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05-07-2012, 08:34 AM
  #507
DM23BK30
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Originally Posted by NYR Sting View Post
First you said he was a stupid player. Now you're bringing up his shooting. What does missing open shots have to do with his intelligence as a player? You cite statistics in a vortex. You can't bring up those statistics and ignore all of the following facts: his performance dropped as soon as Anthony arrived, not just this year. He struggles when there's no rhythm in the game. His offensive contributions last year were primarily in the open court, or after a really quick series of passes. That's just not what the team does anymore. The Knicks, when they do move the ball, are slow, plodding and predictable most of the time. That's fine against crap teams that can't figure out that if you neutralize Steve Novak, the Knicks offense is basically a bunch of chuckers taking covered jump shots.

It's Anthony and J.R. Smith's fault that they routinely stop the entire offense, start doing crossover dribbles for 10 seconds, and then either take stupid jump shots or pass it only once they fail at developing a shot. It's great when they make the shots. See how that's working out against Miami. Fields isn't Novak. He's not a sharpshooter. They don't pass it to him when he's on the move, cutting tot he basket. They pass it to him when he's standing, watching them dribble between their legs. He's out of rhythm, and he's not good enough to create a shot for himself. Fields should be dunking in the open court, or after receiving the ball on a cut. If he has to take the ball to the hole, he's obviously not going to be very successful. But his teammates don't create those other opportunities for him.



He's a starter because the team had to trade away 5 guys to get Anthony! He's a starter because the Knicks have 55 million dollars in cap space tied up in 3 players, none of whom are legit superstars. He obviously wouldn't be a starter on a contending team. And guess what? If he wasn't starting, he'd probably be taking less shots.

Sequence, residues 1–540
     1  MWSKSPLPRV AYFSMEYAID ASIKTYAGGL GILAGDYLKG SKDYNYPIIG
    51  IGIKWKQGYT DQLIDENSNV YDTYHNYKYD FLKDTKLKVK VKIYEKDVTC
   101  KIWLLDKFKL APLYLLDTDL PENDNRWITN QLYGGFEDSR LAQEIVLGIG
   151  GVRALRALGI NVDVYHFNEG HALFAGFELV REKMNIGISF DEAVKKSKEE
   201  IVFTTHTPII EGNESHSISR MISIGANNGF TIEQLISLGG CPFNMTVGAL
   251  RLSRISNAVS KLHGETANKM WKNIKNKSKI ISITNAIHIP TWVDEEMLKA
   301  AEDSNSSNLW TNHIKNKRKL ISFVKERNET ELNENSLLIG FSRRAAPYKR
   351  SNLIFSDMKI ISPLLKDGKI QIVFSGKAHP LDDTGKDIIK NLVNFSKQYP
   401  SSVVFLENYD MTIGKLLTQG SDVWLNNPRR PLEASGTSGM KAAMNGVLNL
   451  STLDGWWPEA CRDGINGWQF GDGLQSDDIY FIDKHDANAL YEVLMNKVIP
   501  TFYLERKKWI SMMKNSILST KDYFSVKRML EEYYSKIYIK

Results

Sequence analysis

His passing options declined severely once Anthony joined the team. Anthony is out of shape and is relatively weak at moving without the ball, especially when he's playing to get a coaching change. It's also a lot easier to generate assists, or pass the ball in general, when the team moves the ball and their bodies quickly and often. It means more people are open, and the defense is more often scrambling. The whole team stopped moving as soon as he got here, except for the Linsanity stretch.



Well, if Knicks fans were chanting it, then they must be right. I'm not at all surprised that they're chanting MVP for a guy who spent the first three months of the season basically telling the entire fanbase, "**** you, I care far more about myself than I do about the success of this team or the people who pay money to watch me play or wear my jersey." These are the same people that thought the Stephon Marbury trade was going to turn the Knicks around. Most of them were pretty stoked about the Knicks acquiring Steve Francis, too.